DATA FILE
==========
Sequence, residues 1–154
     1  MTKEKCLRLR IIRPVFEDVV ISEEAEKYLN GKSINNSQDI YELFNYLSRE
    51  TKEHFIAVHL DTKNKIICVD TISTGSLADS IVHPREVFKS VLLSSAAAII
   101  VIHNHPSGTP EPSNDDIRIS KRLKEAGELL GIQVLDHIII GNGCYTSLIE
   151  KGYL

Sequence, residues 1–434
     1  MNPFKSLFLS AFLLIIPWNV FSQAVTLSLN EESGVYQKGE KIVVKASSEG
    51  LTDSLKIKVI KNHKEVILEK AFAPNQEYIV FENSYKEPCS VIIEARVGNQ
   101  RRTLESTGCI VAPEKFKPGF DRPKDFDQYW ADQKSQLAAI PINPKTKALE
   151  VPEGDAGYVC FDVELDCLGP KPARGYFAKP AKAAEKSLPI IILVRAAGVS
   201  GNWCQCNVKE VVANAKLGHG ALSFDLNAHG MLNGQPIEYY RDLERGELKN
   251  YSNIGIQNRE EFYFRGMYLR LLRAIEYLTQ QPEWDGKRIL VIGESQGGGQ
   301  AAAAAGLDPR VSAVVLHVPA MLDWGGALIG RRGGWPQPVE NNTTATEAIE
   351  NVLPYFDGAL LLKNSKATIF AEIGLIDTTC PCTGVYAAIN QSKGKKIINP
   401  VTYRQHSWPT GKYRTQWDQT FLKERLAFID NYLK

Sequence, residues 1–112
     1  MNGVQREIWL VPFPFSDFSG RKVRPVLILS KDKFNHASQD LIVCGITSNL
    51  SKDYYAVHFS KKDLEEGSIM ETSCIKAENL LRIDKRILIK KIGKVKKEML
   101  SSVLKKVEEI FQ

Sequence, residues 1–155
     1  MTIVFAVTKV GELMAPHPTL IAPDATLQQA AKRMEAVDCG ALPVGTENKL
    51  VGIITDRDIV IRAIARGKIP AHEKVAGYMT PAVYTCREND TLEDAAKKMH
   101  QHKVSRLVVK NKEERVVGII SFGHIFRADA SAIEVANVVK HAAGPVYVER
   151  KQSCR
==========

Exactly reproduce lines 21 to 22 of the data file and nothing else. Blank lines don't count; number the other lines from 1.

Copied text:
     1  MTIVFAVTKV GELMAPHPTL IAPDATLQQA AKRMEAVDCG ALPVGTENKL
    51  VGIITDRDIV IRAIARGKIP AHEKVAGYMT PAVYTCREND TLEDAAKKMH